Here’s what the guys in Midland want you to know.
They’re working on their sophomore album (set to be released at the end of the summer), but they don’t want to announce the name yet. There will be 14 songs on it. It was recorded, in part, at Castle Recording Studios, a Nashville-area Al Capone hideout turned recording studio. “Mr. Lonely” is the new album’s single, and they’ll release a bunch of other new songs throughout the summer.
Guitarist and singer Mark Wystrach called their new work “a reflection of a band that’s just been on the road and working really hard for five years straight.
“[We’ve] grown a lot as songwriters, as musicians, as producers, as a vocal group,” he added. “It’s a lot more dynamic.”
The band just closed its inaugural headlining tour with a performance at the Ryman Auditorium in Nashville. They followed that up with an opening performance for Garth Brooks in Pittsburgh just over a week ago. The members also think they’ve put the whole authenticity controversy, in which some critics derided them for rising up the country ranks before they’d really cut their teeth (a possible relic of Wystrach’s past work as a Calvin Klein model as well as bassist Cameron Duddy’s tenure as a videographer for Bruno Mars), well behind them.
“I think that debate has been put to sleep,” Wystrach said.
“When we first came in we sounded more country than anyone else has in a long time, and I think some of that was part of it.”
Sunday, after all of those ups and downs, Wystrach, Duddy and Jess Carson (the trio’s third founding member and guitar player), seemed right at home sitting in The Wort Hotel before their performance at the Million Dollar Music Fest.
And that might be because, in a way, they were.
If the guys’ Sunday night performance was the first time you’ve heard of (or seen) Midland, here’s the back story.
The three musicians got together for Duddy’s Teton County wedding in 2013 (the bass player had visited Jackson throughout his childhood) and started playing music on Duddy’s mother-in-law’s porch in Alta. The Knotty Pine Supper Club in Victor was the venue for their first show, a rehearsal dinner turned talent show that saw Wystrach, Duddy and Carson play a cover of Chris Isaak’s 1989 ballad, “Wicked Game.”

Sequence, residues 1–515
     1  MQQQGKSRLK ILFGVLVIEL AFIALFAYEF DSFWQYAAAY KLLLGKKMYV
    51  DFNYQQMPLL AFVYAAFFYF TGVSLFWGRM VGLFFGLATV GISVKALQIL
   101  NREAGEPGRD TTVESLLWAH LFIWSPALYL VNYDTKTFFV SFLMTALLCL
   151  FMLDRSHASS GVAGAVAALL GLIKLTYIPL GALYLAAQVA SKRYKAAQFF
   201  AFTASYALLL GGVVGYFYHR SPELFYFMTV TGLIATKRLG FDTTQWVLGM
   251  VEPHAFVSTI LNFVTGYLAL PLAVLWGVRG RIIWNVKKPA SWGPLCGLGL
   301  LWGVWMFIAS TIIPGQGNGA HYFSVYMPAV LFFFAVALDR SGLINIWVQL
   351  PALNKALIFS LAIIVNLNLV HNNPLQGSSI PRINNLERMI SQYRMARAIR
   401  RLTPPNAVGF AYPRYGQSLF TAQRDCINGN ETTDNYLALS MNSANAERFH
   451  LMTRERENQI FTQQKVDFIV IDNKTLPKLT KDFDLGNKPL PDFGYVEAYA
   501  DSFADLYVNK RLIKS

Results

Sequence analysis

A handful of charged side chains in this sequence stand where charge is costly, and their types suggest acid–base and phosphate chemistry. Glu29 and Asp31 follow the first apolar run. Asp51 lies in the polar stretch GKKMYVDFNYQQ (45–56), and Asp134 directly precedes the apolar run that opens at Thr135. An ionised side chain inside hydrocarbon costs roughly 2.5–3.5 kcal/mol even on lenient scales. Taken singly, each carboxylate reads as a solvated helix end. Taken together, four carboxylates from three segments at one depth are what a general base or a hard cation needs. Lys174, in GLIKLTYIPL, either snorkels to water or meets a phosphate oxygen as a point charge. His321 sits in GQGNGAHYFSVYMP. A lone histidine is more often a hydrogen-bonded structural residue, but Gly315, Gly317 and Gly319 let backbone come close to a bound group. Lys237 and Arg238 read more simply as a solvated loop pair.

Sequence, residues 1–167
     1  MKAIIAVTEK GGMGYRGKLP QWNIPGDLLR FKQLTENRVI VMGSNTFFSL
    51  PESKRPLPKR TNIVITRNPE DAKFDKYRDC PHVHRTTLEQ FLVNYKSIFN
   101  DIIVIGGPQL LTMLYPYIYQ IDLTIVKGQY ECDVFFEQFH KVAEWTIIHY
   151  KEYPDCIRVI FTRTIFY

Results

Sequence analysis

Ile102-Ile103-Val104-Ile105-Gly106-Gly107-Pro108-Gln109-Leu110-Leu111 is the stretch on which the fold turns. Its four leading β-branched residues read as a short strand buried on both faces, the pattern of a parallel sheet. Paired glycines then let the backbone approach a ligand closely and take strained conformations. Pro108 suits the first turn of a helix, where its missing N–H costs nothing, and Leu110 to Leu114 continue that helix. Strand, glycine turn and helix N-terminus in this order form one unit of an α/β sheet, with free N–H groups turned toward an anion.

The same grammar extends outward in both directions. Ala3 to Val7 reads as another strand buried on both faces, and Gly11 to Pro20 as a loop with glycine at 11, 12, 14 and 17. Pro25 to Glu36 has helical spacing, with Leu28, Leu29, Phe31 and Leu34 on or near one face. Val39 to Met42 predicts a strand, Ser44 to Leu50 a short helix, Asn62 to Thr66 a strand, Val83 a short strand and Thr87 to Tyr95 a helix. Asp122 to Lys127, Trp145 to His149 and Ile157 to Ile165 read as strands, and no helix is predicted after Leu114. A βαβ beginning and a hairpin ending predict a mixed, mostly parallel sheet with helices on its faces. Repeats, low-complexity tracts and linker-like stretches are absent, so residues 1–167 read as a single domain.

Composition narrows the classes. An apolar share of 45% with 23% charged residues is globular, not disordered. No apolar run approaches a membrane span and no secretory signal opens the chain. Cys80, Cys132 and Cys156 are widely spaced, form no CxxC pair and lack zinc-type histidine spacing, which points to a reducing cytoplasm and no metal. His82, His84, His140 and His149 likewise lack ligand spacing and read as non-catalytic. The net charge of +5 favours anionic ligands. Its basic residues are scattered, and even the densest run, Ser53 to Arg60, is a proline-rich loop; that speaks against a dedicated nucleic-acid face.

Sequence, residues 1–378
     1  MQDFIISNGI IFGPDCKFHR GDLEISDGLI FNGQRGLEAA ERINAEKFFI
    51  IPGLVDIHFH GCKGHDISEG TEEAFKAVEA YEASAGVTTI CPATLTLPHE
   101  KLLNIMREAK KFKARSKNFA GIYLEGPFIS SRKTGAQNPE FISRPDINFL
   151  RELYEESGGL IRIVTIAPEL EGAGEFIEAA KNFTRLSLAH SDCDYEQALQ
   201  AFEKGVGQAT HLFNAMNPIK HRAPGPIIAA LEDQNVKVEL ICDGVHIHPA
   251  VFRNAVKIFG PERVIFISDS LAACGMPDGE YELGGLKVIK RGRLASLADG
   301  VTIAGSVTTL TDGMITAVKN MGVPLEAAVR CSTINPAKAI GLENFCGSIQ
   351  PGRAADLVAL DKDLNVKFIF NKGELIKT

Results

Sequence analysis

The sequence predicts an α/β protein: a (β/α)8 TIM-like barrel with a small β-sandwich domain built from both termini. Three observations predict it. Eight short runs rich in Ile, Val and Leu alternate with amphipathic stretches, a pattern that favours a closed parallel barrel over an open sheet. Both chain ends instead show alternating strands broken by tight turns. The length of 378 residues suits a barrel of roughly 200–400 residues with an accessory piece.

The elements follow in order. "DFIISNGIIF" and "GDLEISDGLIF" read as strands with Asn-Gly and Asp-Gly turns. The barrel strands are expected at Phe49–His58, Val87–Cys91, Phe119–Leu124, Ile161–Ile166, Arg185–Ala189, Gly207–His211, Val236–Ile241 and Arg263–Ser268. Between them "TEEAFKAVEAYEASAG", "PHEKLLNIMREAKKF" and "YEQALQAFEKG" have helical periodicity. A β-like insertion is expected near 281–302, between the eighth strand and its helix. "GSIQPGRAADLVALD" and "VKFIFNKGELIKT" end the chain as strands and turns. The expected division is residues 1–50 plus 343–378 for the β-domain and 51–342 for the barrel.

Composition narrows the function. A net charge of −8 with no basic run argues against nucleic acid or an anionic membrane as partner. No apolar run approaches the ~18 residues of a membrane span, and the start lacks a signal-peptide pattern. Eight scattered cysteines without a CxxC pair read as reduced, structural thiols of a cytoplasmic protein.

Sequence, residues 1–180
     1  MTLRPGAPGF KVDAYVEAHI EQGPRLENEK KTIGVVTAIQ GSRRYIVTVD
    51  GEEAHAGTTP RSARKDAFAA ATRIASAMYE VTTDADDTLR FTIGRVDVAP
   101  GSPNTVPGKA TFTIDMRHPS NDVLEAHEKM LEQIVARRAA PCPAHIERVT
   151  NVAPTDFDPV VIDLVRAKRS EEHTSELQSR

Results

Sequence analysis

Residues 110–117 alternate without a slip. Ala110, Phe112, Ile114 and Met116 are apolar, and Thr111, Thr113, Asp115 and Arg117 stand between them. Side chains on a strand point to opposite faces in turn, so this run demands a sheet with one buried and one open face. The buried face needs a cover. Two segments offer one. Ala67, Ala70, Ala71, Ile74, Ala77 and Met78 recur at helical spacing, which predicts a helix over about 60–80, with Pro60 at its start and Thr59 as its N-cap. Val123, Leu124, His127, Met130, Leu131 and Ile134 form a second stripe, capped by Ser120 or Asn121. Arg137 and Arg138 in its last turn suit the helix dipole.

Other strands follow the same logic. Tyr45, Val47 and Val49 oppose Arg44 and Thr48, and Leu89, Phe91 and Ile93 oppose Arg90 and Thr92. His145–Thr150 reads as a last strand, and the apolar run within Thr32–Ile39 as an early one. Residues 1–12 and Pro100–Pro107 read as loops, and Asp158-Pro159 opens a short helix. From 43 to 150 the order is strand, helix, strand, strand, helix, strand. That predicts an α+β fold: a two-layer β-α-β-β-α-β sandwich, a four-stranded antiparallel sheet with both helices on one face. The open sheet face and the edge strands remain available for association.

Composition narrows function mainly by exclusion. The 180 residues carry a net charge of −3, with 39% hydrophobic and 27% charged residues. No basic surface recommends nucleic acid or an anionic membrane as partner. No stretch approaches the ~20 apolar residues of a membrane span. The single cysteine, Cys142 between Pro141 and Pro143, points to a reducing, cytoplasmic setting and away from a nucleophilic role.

They didn’t do that well in the talent show (“We didn’t even come in the top 10,” Duddy said), but now, as with the authenticity controversy, that seems to be a thing of the past. In 2018 Midland was nominated for a Grammy Award for Best Country Duo/Group Performance for its first-ever single, “Drinkin’ Problem.” The musicians have been hitting the road — hard — and have had the opportunity to rub shoulders with some of the biggest names in the industry.
Last Sunday they returned “home” to take the inaugural Million Dollar Music Fest by storm.
Told it was raining just before he and the band took the stage, Wystrach was deadpan.
“Midland makes it rain,” he said.
The guys in Midland certainly have bravado. Wystrach dedicated the first new song they played, “Playboys,” to all “the women in our lives.” He made a public service announcement for “all the gentlemen in the crowd” before playing “Mr. Lonely” (“You better treat your ladies right or Mr. Lonely’s gonna show up.”). And, while the band played the riffs from Z.Z. Top’s “La Grange” (the guys never played the cover, though doing so is common in the band’s performances), Wystrach introduced Duddy: “You’ve seen him, you’ve given him dirty looks in line at the coffee shops when he was a teenager — he asked you to buy beer for him and his brothers when he was 17 years old.”
Duddy, for his part, recounted two cowboy maxims someone he called “Cowboy Steve” told him at his wedding: “Don’t go to bed angry, and make love as often as possible.”
All in all, Midland treated the crowd to a roaring performance, complete with three unreleased songs off its upcoming album, “Playboys,” “Cheating Songs” and “Fast Hearts and Slow Towns.” The highlight, though, was the encore. The guys ended with their cover of “Wicked Game,” throwing it all the way back to their first show at the Knotty Pine and showing that, despite all their bravado, the guys in Midland seem to have a soft spot for this valley in western Wyoming.
Before the show, the members were clear-eyed about their love for the valley, waxing poetic about how they’ve seen Jackson change, even in the past six years. For them, the Million Dollar Cowboy Bar seems to be a home of sorts. When asked whether Midland or the Cowboy had the idea to get the Million Dollar Music Fest off the ground, Duddy said it was a little bit of both.
“There will always be a chicken-or-the-egg question there,” he said, referring to the relationship Midland is building with Jackson’s iconic watering hole. “We can take partial credit only in the way that we’ve — ”
“Racked up some pretty significant bar tabs,” Wystrach cut in.
“Paid for some of the chandeliers probably,” Duddy said with a laugh.
The Cowboy was where Wystrach and Carson, who didn’t know each other well before Duddy’s wedding, bonded after picking a fight with some other guys in the bar (“Just awesome Cowboy s--t,” Duddy said). But for the guys in Midland, the Cowboy isn’t just a place to party.
It’s one of the last of a dying breed, a honky-tonk that’s still standing while cities like Nashville are tearing down, as Wystrach said, “every great honky-tonk, every great bar where some of the greatest songs were inspired left and right.
“Some of the greatest things in our lives happen in those places,” he added. “They really are kind of sacred spaces.”
After telling the story of the fight he and Jess got into at the Cowboy once again onstage, Wystrach did promise to come back “every single year,” if the crowd wanted them to and, based on its response, it did.
At the Wort earlier that night, Carson drove that promise home.
“We’ll be back,” he said. ￼